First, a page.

This article was originally published on Oct. 7, 2014.
Students looking for help writing research papers can turn to an online reference manager to streamline the process. Several popular tools provide platforms that store articles, features that generate bibliographies, and functionality that encourages collaboration on projects. But these tools aren’t just for people taking college courses. Anyone who needs a way to keep his research organized can benefit from one of the following services.
Here’s a look at several popular research and reference managers, including their key functions and new features, as well as a sneak peek at their future upgrades.
With the EndNote bibliographic management software, users can find, use, and share research, as well as collect, organize, and format references. They can sync their EndNote libraries across Mac and Windows desktop computers, on iPads, and online.
Parent Company: Thomson Reuters
Tagline: “Use your research superpowers for good—leave the organizing to us”
Mobile Apps: Apple App Store
Social Media: Facebook, Twitter, YouTube
Features: “Find it,” “Create it,” “Store it,” and “Share it” are EndNote’s four main functions for research management. Users can search online databases to find full-text articles and autocomplete their references. They can create and format citations in more than 5,000 styles using the built-in bibliography maker. Storage involves organizing and marking up files “in any way that works” for the user, and sharing means collaboration with teams and with the global research community.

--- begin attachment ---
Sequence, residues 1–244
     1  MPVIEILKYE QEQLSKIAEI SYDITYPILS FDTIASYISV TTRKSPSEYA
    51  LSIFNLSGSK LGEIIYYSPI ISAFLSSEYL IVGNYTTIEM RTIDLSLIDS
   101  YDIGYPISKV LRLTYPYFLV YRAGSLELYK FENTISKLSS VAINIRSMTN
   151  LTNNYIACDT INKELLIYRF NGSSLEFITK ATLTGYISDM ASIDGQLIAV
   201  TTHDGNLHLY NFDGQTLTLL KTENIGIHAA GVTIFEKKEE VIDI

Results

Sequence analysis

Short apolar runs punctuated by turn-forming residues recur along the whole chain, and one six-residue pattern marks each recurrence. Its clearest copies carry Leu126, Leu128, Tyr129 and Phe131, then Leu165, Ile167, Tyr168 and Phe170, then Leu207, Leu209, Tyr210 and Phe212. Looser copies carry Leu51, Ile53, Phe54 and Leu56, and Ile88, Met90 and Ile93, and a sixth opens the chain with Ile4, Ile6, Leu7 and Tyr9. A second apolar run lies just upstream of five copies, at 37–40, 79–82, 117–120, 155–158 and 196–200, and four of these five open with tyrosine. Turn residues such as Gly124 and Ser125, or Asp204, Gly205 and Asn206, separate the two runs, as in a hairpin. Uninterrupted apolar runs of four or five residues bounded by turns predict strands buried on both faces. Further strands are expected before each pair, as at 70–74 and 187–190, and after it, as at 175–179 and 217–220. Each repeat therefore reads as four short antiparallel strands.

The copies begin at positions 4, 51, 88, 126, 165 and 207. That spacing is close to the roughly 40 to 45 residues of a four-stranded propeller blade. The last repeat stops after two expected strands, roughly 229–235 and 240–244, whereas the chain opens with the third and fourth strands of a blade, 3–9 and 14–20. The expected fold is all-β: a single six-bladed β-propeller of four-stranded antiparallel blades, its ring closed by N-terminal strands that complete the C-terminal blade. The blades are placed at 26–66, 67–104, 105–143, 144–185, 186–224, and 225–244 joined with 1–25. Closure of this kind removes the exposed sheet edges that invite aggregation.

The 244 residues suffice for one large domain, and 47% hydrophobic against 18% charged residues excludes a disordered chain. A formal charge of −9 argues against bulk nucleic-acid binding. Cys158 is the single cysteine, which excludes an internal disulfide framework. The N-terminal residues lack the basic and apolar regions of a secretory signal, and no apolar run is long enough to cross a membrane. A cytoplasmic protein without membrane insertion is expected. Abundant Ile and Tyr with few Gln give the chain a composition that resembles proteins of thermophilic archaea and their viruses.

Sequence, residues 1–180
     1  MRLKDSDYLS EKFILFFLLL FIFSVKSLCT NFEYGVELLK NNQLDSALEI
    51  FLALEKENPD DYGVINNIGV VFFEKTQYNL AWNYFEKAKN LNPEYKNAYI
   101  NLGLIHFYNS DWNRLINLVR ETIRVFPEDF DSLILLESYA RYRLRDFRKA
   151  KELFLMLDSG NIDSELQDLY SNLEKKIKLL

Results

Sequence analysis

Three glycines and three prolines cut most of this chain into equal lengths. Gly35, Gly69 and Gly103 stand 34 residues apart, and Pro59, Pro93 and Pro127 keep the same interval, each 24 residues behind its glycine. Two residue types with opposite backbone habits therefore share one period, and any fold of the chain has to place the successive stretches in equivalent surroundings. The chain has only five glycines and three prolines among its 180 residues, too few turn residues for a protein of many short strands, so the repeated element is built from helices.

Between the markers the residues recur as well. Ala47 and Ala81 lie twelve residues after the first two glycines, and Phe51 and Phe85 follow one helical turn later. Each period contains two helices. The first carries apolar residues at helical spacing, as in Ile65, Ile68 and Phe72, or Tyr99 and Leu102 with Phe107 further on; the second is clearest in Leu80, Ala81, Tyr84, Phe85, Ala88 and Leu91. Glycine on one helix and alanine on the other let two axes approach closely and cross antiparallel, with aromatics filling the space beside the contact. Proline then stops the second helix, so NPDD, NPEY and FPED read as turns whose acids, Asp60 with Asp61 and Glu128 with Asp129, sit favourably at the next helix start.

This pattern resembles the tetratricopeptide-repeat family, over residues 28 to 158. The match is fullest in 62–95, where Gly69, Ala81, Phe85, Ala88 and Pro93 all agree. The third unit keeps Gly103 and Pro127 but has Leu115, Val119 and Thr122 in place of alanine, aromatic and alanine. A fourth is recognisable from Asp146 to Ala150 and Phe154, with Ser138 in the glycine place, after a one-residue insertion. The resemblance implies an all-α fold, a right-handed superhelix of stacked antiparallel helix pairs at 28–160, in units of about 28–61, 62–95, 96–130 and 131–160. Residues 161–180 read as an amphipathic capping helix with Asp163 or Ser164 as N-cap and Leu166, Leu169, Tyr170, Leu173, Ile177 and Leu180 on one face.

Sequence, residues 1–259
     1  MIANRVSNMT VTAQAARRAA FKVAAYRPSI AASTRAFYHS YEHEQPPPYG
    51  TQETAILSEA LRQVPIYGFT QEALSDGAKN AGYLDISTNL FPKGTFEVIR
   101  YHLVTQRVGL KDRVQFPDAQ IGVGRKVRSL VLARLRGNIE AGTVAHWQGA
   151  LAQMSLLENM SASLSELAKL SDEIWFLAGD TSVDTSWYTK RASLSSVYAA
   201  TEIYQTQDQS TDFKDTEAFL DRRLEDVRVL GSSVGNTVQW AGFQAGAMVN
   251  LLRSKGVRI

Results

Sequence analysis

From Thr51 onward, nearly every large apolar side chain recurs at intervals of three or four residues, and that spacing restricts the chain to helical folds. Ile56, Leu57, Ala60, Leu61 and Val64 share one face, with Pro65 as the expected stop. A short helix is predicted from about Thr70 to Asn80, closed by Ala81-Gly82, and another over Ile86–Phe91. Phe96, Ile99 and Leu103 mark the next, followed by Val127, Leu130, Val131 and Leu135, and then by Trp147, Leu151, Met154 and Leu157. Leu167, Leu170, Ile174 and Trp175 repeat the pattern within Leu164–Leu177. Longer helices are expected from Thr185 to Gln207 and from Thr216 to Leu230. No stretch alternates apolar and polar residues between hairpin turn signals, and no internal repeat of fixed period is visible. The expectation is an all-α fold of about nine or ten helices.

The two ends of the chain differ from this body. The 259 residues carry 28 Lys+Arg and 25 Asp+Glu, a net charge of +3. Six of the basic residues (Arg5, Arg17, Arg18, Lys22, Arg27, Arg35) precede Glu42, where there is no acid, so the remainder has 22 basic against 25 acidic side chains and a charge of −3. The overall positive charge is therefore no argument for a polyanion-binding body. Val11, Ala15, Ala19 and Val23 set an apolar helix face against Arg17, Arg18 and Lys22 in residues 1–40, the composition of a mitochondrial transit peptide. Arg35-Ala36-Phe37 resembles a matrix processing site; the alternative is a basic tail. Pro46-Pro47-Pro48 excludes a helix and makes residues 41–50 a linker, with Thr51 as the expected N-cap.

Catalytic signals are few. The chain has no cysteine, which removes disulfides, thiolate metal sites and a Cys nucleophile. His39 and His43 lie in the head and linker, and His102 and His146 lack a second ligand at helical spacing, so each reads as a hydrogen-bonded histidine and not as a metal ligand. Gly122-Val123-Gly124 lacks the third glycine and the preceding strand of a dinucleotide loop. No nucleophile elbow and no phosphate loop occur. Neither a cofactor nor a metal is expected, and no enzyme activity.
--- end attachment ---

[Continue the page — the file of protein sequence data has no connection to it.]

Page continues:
Customers: EndNote is used in the academic, corporate, and government sectors.
What’s New: As part of the release of EndNote X7.2, EndNote added a library sharing feature that allows users to collaborate on research with up to 14 other colleagues and peers. Users can share their entire EndNote library—including references, PDF files, and annotations—and everyone in the group can use the library simultaneously. Existing X7 users (as well as new users) also received unlimited storage capacity with the X7.2 release.
What’s Next: EndNote concentrates on the idea that research is a collaborative effort and will continue to make its tools collaboration-friendly. It will also add more support for managing all research assets and begin to offer recommendation capabilities that support the research workflow. During the next year, Thomson Reuters plans to move the traffic from its EndNote online forum into the EndNote Community, which is a platform that allows users to share tips and tricks with each other.
Flow (now RefWorks)
Flow is billed as “the only workflow tool you need.” It’s a reference and document manager with a variety of features designed by ProQuest’s Research Solutions team, whose mission is to “empower researchers to discover, grow, and thrive.”
Parent Company: ProQuest
Tagline: “Research Better”